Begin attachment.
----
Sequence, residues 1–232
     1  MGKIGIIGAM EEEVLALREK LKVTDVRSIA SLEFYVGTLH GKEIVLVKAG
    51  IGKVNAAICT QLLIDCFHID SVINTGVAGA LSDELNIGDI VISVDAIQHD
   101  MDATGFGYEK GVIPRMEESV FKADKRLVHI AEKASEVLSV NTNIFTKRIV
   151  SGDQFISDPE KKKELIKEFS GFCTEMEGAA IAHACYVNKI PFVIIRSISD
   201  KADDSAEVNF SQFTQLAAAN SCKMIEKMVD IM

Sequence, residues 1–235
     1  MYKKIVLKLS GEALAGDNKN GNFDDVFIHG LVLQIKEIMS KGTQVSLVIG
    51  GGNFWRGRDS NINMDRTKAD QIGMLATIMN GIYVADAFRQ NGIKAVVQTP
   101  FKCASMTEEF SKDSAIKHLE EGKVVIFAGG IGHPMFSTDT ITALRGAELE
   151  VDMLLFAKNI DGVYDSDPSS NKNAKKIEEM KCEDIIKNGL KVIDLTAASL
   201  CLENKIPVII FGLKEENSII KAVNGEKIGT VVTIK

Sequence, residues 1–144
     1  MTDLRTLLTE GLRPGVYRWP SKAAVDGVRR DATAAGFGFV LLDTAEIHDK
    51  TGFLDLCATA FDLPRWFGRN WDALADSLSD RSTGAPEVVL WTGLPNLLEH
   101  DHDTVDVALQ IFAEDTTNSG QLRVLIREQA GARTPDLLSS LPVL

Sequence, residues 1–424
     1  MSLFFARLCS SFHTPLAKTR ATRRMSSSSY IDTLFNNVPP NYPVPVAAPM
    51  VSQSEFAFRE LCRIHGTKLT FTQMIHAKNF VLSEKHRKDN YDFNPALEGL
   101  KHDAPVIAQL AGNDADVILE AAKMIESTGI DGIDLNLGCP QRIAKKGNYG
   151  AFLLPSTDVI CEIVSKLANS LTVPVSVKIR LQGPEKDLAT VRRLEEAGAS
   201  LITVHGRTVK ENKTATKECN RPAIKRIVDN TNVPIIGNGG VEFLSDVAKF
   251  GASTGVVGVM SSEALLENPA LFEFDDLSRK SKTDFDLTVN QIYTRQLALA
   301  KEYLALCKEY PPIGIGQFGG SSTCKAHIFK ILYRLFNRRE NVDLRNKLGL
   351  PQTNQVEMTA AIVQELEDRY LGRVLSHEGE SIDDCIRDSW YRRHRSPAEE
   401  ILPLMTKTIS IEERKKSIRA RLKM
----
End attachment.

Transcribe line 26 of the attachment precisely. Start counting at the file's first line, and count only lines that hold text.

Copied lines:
   401  ILPLMTKTIS IEERKKSIRA RLKM